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Underwater Archaeology

The emergence of Ηistory…

Since ancient times the inhabitants of this land have depended on the sea for transportation, communications, and commerce. Not surprisingly, for centuries, sea transport was considered to be easier, faster, and safer than land travel.

Having said this, sea travel was always a dangerous undertaking. Shipwrecks were a constant fear for sailors and their families, especially since seas were uncharted, weather forecasts were not accurate and voyages lasted for months.

The findings of these shipwrecks give archaeologists today new and invaluable insight into ancient Greek technology and throw unique light on questions involving the history of art, maritime commerce, shipbuilding and the trade in artistic products.



Arguably, the most famous ancient shipwreck in Greece is the one at Antikythera, which inaugurated underwater archaeology because of renewed research initiated in the area by the Underwater Antiquities Ephorate with the support of the Woods Hole Oceanographic Institute. Sponge fishermen from Symi found the Antikythera shipwreck in 1900 while in 1976 a research team under Jacques Yves Cousteau brought to light incredible findings like the sculptures of the “Philosopher's Head,” and the “Antikythera Youth,” and of course the famous “Antikythera Mechanism,” among them.



A second important mission of the Underwater Antiquities Ephorate took place in the eastern Argolic Gulf near the ‘Frachthi’ Cave. Traces of obsidian (a naturally occurring volcanic glass) have been found which demonstrate the existence of navigation in the Aegean from prehistoric times and the 5th century BC, as obsidian is only found on the island of Milos. The results of this mission yielded information on sea levels and the mapping of the area in prehistoric times. Furthermore, the data found at depths of 10-12 meters, will be applied in the excavation to locate the neolithic settlement that was near ‘Frachthi’ Cave.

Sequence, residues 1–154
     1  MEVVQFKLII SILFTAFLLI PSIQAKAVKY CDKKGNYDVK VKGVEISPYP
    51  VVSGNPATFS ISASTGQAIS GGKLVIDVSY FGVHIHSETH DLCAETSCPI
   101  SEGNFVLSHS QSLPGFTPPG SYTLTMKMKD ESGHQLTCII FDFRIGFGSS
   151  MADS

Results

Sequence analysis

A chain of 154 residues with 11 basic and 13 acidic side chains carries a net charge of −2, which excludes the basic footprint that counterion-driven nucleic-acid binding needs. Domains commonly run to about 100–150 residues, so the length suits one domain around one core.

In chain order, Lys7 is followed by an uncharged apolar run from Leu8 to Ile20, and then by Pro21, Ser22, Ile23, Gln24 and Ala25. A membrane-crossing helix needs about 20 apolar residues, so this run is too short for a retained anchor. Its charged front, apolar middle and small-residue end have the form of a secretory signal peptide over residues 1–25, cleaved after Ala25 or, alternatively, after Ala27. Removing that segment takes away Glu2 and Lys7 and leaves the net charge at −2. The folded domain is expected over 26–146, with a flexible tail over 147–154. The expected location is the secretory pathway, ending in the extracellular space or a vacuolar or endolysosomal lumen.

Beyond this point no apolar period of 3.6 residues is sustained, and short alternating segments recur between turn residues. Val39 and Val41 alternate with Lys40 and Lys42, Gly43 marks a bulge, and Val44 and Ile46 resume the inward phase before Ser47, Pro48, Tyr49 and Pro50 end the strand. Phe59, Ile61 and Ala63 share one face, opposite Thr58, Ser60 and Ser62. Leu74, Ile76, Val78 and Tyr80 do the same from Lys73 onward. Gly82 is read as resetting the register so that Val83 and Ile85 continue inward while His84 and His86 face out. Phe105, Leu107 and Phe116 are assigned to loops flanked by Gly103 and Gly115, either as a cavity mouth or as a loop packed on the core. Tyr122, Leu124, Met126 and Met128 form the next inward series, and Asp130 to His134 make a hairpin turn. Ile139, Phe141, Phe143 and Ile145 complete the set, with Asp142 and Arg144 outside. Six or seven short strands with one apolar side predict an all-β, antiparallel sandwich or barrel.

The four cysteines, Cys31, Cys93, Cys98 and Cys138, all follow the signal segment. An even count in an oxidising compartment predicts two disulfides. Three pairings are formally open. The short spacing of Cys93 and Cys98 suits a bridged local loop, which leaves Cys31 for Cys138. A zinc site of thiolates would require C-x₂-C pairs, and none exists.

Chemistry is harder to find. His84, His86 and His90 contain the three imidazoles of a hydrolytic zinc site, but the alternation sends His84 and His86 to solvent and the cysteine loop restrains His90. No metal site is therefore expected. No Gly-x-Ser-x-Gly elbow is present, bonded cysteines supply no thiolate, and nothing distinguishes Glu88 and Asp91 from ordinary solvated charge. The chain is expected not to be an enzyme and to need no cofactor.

The ancient port of Lechaion, situated on the coast of the Gulf of Corinth, west of Corinth is also of interest. This port was the city's greatest commercial entry point during periods of prosperity. In the period 2013-2014 the Lechaion Port project revealed and registered the submerged portions of the port : the entrance routes and the docks. At the same time the use of pioneering technology and collaboration with the University of Patra may lead to the discovery of ancient artifacts and more port installations.



Research and excavations by the Underwater Antiquities Ephorate are not limited to just these missions. Archaeological material dating back to the prehistoric era through to modern times will be exhibited at the new Museum of Underwater Antiquities in the port of Piraeus. Its collection will continue to be enriched constantly, since remnants of shipwrecks and civilisations are an undepletable treasure waiting to emerge and take their place in Ηistory…

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